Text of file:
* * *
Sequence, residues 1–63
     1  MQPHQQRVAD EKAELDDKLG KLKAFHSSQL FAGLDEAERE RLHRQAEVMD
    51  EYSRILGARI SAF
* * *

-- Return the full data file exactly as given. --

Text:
Sequence, residues 1–63
     1  MQPHQQRVAD EKAELDDKLG KLKAFHSSQL FAGLDEAERE RLHRQAEVMD
    51  EYSRILGARI SAF